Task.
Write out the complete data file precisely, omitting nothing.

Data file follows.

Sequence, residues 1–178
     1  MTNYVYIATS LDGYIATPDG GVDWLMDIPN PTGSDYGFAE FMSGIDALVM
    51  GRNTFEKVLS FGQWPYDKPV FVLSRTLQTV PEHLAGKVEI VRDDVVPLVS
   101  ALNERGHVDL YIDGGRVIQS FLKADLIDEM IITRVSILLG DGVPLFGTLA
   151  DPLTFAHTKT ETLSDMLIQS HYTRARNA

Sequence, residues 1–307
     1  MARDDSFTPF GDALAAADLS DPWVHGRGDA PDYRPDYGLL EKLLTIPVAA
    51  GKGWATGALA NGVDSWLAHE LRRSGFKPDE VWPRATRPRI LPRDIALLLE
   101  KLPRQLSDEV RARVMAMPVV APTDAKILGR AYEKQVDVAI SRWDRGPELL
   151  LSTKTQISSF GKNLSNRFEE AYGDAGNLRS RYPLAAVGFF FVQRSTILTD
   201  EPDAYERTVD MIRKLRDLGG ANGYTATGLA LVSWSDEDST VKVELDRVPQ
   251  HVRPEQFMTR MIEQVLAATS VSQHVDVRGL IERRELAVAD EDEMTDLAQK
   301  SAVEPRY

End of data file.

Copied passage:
Sequence, residues 1–178
     1  MTNYVYIATS LDGYIATPDG GVDWLMDIPN PTGSDYGFAE FMSGIDALVM
    51  GRNTFEKVLS FGQWPYDKPV FVLSRTLQTV PEHLAGKVEI VRDDVVPLVS
   101  ALNERGHVDL YIDGGRVIQS FLKADLIDEM IITRVSILLG DGVPLFGTLA
   151  DPLTFAHTKT ETLSDMLIQS HYTRARNA

Sequence, residues 1–307
     1  MARDDSFTPF GDALAAADLS DPWVHGRGDA PDYRPDYGLL EKLLTIPVAA
    51  GKGWATGALA NGVDSWLAHE LRRSGFKPDE VWPRATRPRI LPRDIALLLE
   101  KLPRQLSDEV RARVMAMPVV APTDAKILGR AYEKQVDVAI SRWDRGPELL
   151  LSTKTQISSF GKNLSNRFEE AYGDAGNLRS RYPLAAVGFF FVQRSTILTD
   201  EPDAYERTVD MIRKLRDLGG ANGYTATGLA LVSWSDEDST VKVELDRVPQ
   251  HVRPEQFMTR MIEQVLAATS VSQHVDVRGL IERRELAVAD EDEMTDLAQK
   301  SAVEPRY